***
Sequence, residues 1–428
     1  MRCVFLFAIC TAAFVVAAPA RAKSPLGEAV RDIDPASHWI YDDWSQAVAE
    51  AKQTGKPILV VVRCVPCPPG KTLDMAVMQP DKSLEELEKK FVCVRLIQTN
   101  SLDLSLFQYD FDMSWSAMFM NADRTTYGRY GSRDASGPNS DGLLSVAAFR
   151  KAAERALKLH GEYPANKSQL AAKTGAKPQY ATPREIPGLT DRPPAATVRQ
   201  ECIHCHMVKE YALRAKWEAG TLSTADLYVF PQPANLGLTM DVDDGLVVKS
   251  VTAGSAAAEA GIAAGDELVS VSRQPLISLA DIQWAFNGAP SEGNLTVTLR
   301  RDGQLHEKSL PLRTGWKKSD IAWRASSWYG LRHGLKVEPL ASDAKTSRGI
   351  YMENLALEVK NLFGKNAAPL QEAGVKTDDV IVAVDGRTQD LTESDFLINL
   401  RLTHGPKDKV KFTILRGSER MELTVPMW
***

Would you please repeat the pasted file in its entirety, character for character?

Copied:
Sequence, residues 1–428
     1  MRCVFLFAIC TAAFVVAAPA RAKSPLGEAV RDIDPASHWI YDDWSQAVAE
    51  AKQTGKPILV VVRCVPCPPG KTLDMAVMQP DKSLEELEKK FVCVRLIQTN
   101  SLDLSLFQYD FDMSWSAMFM NADRTTYGRY GSRDASGPNS DGLLSVAAFR
   151  KAAERALKLH GEYPANKSQL AAKTGAKPQY ATPREIPGLT DRPPAATVRQ
   201  ECIHCHMVKE YALRAKWEAG TLSTADLYVF PQPANLGLTM DVDDGLVVKS
   251  VTAGSAAAEA GIAAGDELVS VSRQPLISLA DIQWAFNGAP SEGNLTVTLR
   301  RDGQLHEKSL PLRTGWKKSD IAWRASSWYG LRHGLKVEPL ASDAKTSRGI
   351  YMENLALEVK NLFGKNAAPL QEAGVKTDDV IVAVDGRTQD LTESDFLINL
   401  RLTHGPKDKV KFTILRGSER MELTVPMW